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Parsha Note: B’ha’aloth’cha, Sh’lah, Qorah

June 8, 2014

The running theme of the entire Torah is, as the Christian bumper sticker goes, God gave the Land of Israel to the Jews, and He wanted the Jews to stay there and keep His Torah.

Also, the Jews’ failure to live up to the standards of the Torah would result in their temporary expulsion from the land, but it is their duty to repent, make their way back to the land, and try to start over.

Today, many Jews in the diaspora might:

1. not believe in the Torah, and they therefore see no reason why they should ever want to live in Israel.

2. believe in the Torah, yet they still see no reason why they should ever want to live in Israel. They might even have centuries-old, quasi-halachic justifications for such feelings.

3. not believe in the Torah, yet their nationalism motivates them to want to move to Israel, but they do not wish to create a nation according to the Torah’s prescription.

All of these viewpoints are completely unoriginal, and the first two were actually those possessed by key figures in our parashiyoth.

Dathan and Abiram and company exemplified the first approach. They did not believe in Moses’s Torah, nor did they see any reason for the national conquest enterprise.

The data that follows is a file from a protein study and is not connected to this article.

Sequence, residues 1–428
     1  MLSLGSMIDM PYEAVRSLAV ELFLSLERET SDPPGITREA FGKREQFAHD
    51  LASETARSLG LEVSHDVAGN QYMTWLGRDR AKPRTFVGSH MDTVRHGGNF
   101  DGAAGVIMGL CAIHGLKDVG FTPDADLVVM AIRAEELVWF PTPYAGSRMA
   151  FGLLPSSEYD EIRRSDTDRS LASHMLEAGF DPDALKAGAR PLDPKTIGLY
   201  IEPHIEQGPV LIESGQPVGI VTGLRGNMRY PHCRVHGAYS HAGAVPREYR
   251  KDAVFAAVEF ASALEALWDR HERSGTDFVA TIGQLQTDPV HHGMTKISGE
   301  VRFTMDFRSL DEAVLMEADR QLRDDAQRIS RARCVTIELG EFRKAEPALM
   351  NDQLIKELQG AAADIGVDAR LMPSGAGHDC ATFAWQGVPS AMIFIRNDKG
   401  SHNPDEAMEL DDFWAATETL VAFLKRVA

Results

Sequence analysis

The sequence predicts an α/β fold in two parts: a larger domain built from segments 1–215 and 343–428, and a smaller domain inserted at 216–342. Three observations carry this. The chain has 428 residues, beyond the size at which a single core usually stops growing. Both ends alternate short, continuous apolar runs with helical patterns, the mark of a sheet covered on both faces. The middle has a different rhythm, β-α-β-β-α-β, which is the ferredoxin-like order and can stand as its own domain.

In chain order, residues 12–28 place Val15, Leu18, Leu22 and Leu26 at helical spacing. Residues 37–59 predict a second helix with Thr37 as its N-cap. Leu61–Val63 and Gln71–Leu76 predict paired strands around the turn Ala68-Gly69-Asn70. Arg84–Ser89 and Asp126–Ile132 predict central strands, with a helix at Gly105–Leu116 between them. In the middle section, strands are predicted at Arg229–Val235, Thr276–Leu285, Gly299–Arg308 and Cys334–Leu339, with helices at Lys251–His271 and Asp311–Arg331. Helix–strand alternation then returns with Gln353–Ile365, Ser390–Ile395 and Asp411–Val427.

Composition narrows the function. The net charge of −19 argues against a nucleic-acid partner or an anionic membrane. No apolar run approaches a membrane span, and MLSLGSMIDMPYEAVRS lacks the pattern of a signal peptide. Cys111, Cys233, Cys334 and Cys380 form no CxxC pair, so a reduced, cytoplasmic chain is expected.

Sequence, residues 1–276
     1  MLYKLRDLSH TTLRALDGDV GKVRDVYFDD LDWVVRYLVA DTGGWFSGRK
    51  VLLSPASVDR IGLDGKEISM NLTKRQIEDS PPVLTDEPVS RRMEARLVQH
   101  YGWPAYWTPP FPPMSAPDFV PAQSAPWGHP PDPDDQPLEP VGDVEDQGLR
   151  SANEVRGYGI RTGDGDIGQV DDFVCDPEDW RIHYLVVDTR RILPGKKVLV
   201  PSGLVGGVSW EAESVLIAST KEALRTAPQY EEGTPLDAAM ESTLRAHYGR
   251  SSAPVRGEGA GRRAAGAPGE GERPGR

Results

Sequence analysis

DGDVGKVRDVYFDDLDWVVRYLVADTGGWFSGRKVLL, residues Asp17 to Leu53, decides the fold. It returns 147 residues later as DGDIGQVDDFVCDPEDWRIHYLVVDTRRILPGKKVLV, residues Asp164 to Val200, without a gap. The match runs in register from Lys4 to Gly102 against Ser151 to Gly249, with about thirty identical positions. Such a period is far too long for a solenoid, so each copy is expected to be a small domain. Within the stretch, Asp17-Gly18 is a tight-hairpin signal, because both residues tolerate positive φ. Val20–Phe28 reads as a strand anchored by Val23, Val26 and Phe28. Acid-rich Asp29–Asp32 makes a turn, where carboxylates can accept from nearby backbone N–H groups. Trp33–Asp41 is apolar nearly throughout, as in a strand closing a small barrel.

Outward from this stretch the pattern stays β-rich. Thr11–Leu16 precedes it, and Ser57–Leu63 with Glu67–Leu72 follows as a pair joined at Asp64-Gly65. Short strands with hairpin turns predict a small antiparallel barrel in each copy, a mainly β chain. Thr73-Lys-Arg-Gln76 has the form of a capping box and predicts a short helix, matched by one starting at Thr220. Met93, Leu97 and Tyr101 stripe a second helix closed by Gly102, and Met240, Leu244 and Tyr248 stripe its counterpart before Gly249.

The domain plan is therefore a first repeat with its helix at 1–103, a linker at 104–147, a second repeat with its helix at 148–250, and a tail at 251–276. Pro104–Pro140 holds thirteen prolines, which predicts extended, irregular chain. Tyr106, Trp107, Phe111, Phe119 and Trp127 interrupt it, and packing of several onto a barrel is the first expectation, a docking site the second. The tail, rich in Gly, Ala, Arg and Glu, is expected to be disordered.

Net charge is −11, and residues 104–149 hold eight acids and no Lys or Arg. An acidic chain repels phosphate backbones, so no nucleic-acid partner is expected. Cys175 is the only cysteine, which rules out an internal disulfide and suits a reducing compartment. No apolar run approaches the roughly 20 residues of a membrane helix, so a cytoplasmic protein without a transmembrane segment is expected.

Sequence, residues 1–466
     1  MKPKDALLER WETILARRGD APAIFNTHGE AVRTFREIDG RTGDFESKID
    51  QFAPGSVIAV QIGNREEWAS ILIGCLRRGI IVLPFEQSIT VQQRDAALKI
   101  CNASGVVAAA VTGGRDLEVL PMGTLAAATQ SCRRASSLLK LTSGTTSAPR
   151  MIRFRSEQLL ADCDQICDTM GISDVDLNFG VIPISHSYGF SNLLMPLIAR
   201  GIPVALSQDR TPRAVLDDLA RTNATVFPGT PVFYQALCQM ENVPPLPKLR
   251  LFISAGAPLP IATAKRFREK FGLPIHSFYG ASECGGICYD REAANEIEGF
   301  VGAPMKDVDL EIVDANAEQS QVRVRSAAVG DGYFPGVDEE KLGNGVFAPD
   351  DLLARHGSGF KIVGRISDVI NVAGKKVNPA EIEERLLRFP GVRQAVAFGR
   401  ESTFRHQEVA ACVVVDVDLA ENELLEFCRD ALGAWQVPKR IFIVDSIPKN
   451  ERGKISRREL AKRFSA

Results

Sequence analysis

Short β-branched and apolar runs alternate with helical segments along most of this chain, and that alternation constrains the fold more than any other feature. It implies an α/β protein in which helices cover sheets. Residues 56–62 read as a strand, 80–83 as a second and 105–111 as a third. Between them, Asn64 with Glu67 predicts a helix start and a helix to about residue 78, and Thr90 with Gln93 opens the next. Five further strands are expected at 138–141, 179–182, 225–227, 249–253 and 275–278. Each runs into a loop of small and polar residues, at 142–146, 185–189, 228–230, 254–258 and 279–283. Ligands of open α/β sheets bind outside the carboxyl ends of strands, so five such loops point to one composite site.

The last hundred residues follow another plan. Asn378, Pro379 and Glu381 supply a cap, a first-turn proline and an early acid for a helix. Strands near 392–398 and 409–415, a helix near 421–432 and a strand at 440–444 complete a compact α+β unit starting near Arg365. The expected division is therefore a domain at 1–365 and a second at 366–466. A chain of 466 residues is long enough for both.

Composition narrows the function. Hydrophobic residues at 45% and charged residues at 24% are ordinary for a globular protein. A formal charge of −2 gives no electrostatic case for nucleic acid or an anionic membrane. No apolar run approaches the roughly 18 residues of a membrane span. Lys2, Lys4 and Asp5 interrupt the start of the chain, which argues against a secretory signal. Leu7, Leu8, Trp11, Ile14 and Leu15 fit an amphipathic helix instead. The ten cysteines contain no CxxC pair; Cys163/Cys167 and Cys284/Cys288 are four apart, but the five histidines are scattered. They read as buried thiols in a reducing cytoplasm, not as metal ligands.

When the Israelites began their journey from Sinai, Moses asked his father-in-law if he would join the nation for the trip to the promised land. Jethro/Hobab, who had come on his own to recognize the God of Israel and accept His Torah, refused, “For I shall go to my land and my family.” His response foreshadowed the spies’ counsel and the people’s overwhelming reaction, which amounted to, “All this talk about Torah and promised land and blessings is nice and all, but when we think realistically, we see that we can not actually do what the the Torah/Moses/God demand of us, so it’s better if we just gave up on the whole thing and headed back to Egypt.”

The third approach was advocated in times of national emergency past, for example by the various Zealot groups in the latter era of Second Temple and the ensuing century. Many strayed completely from the Torah, but still believed strongly in Jewish nationalism.

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